Honestly, looking back to the time when PH actually had some significant updates to their software, those updates were pretty much just basic functionality, catching up to other DAWs with midi out, bussing, parallel processing and so on. The sales pitch seemed to be “imagine how good it would be if Reason not only had its great routing system, but also functioned like a normal DAW!”. The ONLY thing they have going for them right now for electronic musicians is the CV routing, and as I said, other DAWs are right now developing solutions that rival that functionality. What do they have to offer at that point?

          Is it a capable DAW? Yes of course, I’ve made many good tracks with it and have had a lot of fun doing so. I’ve had tons of fun with creative cv routing. But I’ve also had a ton of fun with the routing in Bitwig, in which I can also use VSTs that I can use in almost any other DAW should I wish to switch.

          To illustrate the situation in regards to routing:
          Where in Reason I would have to create an LFO device, route that into a combinator, and then via the programmer route the modulation source into the device parameter I want to modulate, in Bitwig I can just put an LFO modulator on any device, click a button, and then adjust the modulation level on any parameter. Not to mention that in Reason, in order to get a random LFO i’d need to create a malström or a thor and route its LFO to a cv out (in addition to the routing I explained earlier), while Bitwig just has a simple random LFO modulator ready to go.
          What I’m saying is this: PH dropped the ball. They failed to innovate and now another DAW that’s only on version 2 has pretty much surpassed them on their biggest strength.

  1. My pro tip as Reason user to Propellerheads… allow VST’s. The closed RE ecosystem has no benefits to the user. None. Fine, VSTs are not 100% stable so what, let me the customer decide what I want to install, not this closed ‘by Apple inspired’ system.

    Reason is still a great and inspiring DAW but a lot of parts are dated. (The main sampler (nnxt) is 15 years old, the mclass stereo imager doesn’t let you do proper s/m mixing etc. )

    1. Come on now… You can already do this. Run the softsynth in standalone mode and link to Reason as a midi device and then send the audio back into reason. This has been possible for years…

  2. it boils down to the sandbox of Reason. why, unless you are starting fresh into computer-based music making, would you switch to Reason when you’ve bought third-party software plug-ins that aren’t welcome as an RE? you have spend more money while the plug-ins you previously purchased sit dormant as you attempt to learn a new DAW (in this case Reason). All the best to Propellerhead who were pioneers of the softsynth thing (ReBirth)…yeah, it doesn’t look good

  3. If someone invests it means it desires to have return. To have return it has to go for the masses and for Reason that means going away from the niche of which it’s been living. And that doesn’t sound good. Reason may lose its identity.

  4. I switched to Reason myself after years of Cubase and Logic. I personally prefer rex files for any electronic music and I like the routing scheme but have also recorded traditionally with it for a few years now. It intergrated easily the first day, it proved many preamps pointless and it sounds fine on input. I wish there was something like a Distressor, after buying some decent EQ and gate rack extensions I dont need a lot anymore. Id like to see rack extensions pushed as a format, the triggering possibilities can be complex, fast. Being able to just dump that set up to a Combinator is a godsend. I gave it a fair shot, it worked better than my previous setups. I hope this is an improvement because I already like it quite a bit.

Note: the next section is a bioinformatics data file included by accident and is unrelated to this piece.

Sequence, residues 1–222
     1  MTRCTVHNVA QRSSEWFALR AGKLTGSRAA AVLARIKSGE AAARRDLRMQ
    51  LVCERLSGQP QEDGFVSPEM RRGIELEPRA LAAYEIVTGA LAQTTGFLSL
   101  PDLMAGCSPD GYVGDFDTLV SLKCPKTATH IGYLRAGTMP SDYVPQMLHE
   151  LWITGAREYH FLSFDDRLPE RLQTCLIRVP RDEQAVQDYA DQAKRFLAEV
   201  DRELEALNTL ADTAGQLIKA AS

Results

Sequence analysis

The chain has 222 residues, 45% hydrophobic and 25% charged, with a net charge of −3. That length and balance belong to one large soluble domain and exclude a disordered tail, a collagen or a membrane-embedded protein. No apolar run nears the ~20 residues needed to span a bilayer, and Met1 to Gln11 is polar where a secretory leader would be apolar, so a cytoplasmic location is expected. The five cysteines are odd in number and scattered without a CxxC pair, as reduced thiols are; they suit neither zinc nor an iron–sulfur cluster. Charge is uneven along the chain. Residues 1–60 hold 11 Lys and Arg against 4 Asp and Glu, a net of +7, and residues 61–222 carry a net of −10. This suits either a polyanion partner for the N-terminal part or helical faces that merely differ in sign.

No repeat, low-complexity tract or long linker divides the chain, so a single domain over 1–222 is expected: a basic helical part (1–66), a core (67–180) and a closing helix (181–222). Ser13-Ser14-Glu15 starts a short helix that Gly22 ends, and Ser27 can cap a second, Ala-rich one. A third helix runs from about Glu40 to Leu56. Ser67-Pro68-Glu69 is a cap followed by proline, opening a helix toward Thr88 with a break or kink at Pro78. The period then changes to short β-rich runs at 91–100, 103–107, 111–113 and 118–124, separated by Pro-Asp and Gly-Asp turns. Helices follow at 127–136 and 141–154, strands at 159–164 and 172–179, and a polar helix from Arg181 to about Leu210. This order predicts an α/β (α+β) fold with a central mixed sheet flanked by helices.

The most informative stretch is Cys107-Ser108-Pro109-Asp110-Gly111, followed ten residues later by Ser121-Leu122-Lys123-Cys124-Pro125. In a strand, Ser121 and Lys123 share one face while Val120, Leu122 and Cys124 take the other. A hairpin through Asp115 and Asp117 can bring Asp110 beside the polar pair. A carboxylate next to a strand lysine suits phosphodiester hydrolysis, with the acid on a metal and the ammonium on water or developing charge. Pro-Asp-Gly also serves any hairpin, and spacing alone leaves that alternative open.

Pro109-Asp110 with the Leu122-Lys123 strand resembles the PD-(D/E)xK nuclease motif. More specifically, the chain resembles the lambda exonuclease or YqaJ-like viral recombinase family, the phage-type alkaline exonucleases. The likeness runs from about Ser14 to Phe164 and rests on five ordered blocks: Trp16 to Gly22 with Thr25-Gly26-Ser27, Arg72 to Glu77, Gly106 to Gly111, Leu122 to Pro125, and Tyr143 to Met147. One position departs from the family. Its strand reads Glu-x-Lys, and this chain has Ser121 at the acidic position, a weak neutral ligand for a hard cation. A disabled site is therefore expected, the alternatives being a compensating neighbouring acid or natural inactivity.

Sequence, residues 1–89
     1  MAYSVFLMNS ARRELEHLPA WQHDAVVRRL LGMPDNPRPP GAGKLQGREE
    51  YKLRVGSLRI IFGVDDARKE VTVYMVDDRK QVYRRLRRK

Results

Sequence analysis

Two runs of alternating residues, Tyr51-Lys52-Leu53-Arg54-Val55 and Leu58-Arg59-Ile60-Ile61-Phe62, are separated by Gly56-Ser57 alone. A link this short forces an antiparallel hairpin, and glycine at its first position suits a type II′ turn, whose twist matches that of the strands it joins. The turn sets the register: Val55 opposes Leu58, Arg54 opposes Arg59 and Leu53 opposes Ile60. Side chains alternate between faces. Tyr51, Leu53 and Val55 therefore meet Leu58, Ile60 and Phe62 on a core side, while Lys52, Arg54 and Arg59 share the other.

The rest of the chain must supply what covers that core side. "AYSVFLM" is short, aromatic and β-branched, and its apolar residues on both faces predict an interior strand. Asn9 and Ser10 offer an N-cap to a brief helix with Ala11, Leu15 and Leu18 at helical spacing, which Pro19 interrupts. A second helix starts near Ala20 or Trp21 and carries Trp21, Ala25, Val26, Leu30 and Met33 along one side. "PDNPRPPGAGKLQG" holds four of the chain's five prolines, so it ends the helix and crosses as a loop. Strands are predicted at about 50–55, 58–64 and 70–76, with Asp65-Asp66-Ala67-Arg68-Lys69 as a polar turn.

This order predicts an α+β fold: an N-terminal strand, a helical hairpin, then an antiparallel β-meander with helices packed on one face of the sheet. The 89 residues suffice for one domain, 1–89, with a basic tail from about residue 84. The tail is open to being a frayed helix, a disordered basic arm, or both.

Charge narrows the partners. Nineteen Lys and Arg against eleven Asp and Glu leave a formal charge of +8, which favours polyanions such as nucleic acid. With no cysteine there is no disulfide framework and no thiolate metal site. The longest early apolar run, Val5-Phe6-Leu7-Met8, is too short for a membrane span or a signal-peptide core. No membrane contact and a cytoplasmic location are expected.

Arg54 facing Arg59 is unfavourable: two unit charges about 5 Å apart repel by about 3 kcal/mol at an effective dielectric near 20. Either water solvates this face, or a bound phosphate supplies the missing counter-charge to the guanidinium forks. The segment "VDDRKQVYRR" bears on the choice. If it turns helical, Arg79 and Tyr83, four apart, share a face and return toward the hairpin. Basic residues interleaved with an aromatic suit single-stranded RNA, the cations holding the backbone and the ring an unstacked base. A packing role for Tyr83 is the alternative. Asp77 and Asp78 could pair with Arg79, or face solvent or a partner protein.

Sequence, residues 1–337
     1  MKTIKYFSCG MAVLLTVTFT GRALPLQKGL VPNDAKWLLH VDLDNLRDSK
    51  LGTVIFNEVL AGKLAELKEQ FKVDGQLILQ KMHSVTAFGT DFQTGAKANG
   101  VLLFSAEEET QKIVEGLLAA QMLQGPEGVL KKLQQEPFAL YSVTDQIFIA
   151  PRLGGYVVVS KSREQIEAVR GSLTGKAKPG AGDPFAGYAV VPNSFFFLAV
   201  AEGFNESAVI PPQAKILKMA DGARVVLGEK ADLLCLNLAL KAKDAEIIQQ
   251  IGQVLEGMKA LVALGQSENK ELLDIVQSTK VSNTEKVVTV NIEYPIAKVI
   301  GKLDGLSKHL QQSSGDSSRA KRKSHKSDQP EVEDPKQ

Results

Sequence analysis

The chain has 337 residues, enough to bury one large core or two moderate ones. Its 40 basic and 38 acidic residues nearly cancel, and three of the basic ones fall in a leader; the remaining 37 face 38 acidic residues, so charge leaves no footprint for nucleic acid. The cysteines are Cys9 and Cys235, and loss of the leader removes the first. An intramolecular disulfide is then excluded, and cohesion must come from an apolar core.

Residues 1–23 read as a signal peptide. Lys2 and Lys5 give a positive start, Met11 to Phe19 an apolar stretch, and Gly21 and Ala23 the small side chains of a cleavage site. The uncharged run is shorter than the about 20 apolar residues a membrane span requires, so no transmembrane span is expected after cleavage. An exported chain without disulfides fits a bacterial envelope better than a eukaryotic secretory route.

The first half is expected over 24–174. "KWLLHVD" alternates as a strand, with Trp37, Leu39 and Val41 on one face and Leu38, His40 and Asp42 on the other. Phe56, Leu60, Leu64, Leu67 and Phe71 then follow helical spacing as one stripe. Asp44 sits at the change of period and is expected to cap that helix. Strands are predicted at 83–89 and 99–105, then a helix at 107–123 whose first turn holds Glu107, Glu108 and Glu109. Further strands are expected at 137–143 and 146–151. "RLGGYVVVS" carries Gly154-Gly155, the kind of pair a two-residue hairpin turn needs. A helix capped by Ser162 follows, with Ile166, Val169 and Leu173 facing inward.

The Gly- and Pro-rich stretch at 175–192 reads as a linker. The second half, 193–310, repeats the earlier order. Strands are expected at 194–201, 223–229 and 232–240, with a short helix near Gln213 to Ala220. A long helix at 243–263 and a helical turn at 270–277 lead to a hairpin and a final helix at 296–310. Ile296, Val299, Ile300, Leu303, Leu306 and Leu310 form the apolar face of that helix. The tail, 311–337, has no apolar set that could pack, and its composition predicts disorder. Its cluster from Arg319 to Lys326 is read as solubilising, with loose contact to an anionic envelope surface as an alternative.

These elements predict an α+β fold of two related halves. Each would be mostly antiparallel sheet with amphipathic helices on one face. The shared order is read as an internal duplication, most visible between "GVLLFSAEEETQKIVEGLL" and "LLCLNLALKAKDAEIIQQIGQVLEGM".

5. This looks like what Bain Capital Private Equity did by acquiring Guitar Center and Staples Office Supply. Wasn’t good for either of those companies.

  6. I think this will give Propellerhead the much needed capital and support to more aggressively expand their product line…which is what they have wanted to do for some time. I love reason it’s not my only daw but I’ve used it for so long and it’s always been a great inspiration. There’s still a lot of untapped potential in reason…expanding the modular capabilities being one. Hardware and iOS applications being developed would push them forward aswell.

  7. I agree with Damon above. Propellerheads have always been doing things right. Their products have always been ahead of their time, revolutionary, inspirational, and down-right code-savy. To bring aboard a private equity (fund) firm is the right thing to do. Their products will expand at a faster pace. I am sure Propellerheads were careful with such decision in order to move forward; I doubt it’ll affact the quality-control of their existing products. There’s no way Propellerheads will allow any sort of degradation to their existing products to sink lower than their high-standards. Reason is a very important app/DAW/tool to lose its market share.

  8. The last sentence is telling: “…we will be able to reinforce our focus on developing new products for the next generation of music makers.” From this we can infer that while Reason will continue to be their flagship product, there is a push to expand their product line. The effect this will have on Reason development work going forward is unclear at this point.